I actually laughed out loud several times when I read the widely circulated New York Times opinion piece called Raising a Moral Child. The author, Adam Grant, aims to share key research that will help parents use the right phrases to praise acts of kindness, model generous behaviors, and show disappointment rather than anger when a child fails to live up to moral standards.
“What does it take to be a good parent?” he asks in the opening line of the essay, the idea being that perhaps we are going to find out in the following paragraphs. And while there may be some morsels in this article that you can take away and put into practice in the home, the overwhelming message to parents is: Ignore reality. Turn away from the monstrous external pressures on all of us (parents and kids alike) to be less than moral all the time. Shrink from the obvious nightmares and focus on the minuscule private behaviors that a trained monkey could imitate.
They don’t look like trained-monkey behaviors because they’re enshrined in a New York Times opinion piece, which is written and read by highly educated people, and the author’s ideas are backed by millions of dollars’ worth of research carried out by people who have many years of training, which allows them to design and conduct experiments to discover which minuscule behaviors promote the most moral children. But they are trained-monkey behaviors, and they are an insult to parents who are not raising kids in a vacuum and to children who, being human, probably would prefer to grow up in a way that allowed them to be connected to and generous with others but who need…wait for it…more than a few prescribed parental behaviors.
Even if you grant that some of these trained-monkey behaviors are worthwhile – and perhaps they are – I’ll say more about them below, and you can decide for yourself. They cover such an infinitesimally small portion of the messages our children get about moral behaviors that you can’t help but laugh at the ridiculousness of the article’s premise. That is, of course, if you’re not crying… or simply succumbing to the message, which a lot of us parents end up doing because we are that desperate for help – any help. You know how it goes: You’re a parent. You’re probably pretty isolated. You may have a co-parent and even a network of support people, but a lot falls on you and you’re up against an avalanche of crap, including but not limited to manipulative advertising that targets even our babies, the absence of decent health care and decent wages, cultural messages that denigrate being brown, black, female, queer, or differently abled in any way, and that point the finger at moms for just about everything, and other little problems like the astronomical cost of day care, the school-to-prison pipeline, high-stakes testing, high rates of asthma due to air pollution, toxic stuff everywhere (which is particularly bad for growing bodies), and the teeny tiny problems that come with living in a society whose major institutions are driven by greed and theft, leaving the 1% floating above it all and the rest of us stressed out, priced out, in debt, and increasingly hungry, homeless, and hopeless.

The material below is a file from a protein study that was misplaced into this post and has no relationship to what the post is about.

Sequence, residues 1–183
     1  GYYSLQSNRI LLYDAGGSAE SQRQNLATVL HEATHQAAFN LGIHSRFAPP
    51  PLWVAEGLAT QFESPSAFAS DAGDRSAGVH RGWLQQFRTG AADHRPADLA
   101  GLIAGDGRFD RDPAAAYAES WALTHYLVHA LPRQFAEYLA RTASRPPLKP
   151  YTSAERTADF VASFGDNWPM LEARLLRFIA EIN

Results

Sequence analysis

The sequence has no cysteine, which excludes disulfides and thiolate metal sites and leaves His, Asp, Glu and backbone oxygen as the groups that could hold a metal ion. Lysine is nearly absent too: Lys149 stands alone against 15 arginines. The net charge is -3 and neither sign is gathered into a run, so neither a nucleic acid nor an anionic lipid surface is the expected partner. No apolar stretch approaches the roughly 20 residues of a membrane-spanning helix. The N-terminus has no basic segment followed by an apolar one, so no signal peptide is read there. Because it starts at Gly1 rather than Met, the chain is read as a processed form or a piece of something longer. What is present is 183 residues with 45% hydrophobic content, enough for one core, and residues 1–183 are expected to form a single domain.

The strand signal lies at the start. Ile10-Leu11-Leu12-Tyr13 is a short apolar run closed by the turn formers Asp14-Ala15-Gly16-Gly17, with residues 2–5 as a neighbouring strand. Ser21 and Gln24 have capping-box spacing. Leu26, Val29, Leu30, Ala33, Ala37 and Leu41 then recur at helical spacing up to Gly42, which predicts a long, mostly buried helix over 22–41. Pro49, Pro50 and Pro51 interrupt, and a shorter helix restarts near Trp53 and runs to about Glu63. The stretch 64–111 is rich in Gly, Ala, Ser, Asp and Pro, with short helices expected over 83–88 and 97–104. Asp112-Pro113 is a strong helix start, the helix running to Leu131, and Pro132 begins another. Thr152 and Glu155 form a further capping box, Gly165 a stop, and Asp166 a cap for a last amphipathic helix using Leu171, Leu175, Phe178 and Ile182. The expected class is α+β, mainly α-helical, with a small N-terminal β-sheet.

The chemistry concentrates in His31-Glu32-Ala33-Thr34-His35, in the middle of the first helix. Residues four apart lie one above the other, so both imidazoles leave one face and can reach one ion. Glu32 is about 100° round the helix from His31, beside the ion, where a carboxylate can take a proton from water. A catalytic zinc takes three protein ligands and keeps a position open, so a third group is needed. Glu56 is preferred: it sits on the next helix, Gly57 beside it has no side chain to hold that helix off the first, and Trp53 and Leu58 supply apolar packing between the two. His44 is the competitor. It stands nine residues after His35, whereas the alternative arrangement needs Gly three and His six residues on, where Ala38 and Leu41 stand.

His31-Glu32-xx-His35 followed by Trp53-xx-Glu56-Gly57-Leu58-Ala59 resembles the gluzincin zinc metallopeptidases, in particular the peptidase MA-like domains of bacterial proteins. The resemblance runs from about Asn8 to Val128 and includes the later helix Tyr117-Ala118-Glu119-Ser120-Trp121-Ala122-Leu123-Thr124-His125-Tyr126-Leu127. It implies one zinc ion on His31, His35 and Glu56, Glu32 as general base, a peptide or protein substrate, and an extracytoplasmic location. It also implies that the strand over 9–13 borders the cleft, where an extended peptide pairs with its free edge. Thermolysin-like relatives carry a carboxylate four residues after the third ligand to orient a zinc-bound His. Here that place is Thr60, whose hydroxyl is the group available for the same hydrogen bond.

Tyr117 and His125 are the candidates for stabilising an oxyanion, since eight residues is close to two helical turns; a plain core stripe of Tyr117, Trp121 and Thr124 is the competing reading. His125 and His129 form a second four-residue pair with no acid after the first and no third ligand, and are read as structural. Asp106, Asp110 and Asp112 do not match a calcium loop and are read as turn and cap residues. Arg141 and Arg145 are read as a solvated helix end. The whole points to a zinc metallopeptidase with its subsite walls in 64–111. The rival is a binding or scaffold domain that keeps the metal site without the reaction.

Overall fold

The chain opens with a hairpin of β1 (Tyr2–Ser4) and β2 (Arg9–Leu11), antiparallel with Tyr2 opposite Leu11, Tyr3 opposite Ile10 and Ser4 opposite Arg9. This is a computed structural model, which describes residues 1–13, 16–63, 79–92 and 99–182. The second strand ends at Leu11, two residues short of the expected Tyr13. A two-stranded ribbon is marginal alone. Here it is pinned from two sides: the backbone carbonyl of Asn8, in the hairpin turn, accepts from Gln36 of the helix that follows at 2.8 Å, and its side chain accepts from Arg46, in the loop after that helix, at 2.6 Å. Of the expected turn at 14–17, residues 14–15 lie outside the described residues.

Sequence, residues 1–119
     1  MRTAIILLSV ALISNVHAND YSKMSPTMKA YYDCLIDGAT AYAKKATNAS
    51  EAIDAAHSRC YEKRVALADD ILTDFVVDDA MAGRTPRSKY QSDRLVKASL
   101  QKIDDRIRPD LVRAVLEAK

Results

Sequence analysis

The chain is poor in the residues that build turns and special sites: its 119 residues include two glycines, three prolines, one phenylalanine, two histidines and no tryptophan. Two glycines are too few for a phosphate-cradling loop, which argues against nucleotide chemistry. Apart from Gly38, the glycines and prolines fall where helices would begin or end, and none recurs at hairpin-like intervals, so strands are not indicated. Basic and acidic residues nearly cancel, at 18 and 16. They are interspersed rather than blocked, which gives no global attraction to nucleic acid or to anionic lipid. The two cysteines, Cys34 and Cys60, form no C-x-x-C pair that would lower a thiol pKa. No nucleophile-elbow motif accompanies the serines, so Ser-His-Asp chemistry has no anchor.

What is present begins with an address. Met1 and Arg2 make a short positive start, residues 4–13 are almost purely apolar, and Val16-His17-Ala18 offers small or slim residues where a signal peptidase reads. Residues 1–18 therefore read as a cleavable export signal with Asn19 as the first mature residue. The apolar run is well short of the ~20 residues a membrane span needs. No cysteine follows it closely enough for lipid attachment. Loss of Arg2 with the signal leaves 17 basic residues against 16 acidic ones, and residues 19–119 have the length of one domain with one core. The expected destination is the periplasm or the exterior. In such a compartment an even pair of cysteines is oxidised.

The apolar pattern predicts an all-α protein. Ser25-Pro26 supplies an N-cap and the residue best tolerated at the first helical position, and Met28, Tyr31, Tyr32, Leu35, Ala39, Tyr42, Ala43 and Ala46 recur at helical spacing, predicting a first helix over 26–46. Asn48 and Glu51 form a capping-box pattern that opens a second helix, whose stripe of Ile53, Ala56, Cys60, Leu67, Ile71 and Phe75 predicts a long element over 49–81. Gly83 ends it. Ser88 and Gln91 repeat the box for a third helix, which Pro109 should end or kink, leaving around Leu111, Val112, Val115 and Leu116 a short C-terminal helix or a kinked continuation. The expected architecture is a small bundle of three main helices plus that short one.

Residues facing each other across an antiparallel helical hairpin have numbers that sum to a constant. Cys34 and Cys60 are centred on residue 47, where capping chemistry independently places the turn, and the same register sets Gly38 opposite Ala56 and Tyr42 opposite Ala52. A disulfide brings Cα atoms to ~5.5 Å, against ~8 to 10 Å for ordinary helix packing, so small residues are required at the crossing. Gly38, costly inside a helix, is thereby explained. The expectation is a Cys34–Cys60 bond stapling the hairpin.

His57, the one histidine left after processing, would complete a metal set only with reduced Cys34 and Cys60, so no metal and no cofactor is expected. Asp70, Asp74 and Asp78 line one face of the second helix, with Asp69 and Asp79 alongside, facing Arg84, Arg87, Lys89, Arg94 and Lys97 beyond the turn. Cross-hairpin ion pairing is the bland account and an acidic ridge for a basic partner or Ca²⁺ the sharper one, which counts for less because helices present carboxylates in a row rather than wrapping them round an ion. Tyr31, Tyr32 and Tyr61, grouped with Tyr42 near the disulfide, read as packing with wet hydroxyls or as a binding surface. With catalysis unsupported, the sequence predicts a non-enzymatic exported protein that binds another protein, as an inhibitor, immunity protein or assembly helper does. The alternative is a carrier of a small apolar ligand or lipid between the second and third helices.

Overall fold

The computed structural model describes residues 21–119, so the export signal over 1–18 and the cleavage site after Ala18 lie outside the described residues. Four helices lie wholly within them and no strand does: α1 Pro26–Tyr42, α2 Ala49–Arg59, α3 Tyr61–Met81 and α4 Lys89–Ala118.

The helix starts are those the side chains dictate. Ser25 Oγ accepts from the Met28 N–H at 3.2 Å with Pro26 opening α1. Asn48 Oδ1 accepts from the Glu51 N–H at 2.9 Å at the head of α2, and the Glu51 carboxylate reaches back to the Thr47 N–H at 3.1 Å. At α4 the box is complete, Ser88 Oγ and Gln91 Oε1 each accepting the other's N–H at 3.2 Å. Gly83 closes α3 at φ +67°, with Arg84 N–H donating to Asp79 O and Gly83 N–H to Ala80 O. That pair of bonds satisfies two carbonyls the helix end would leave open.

Given this reality, how does the New York Times advise us to raise moral children? Well, in one experiment, children with lots of marbles had the opportunity to share their marbles with “poor” children. Some children who shared had their behavior praised (“It was good that you gave some of your marbles to those poor children. Yes, that was a nice and helpful thing to do”). While other children who shared had their character praised, (“I guess you’re the kind of person who likes to help others whenever you can. Yes, you are a very nice and helpful person”). A few weeks later, when these same children had another opportunity to share, the ones whose character had been praised tended to be more generous than the ones whose behavior had been praised.
The upshot: when your child gives marbles to poor children, praise her character, not her behavior. But what about when they don’t share their marbles? Researchers say it’s important not to shame your children, which can make them feel bad about themselves. Instead, you should show your disappointment. “The beauty of expressing disappointment is that it communicates disapproval of the bad behavior, coupled with high expectations and the potential for improvement: `You’re a good person, even if you did a bad thing, and I know you can do better.’”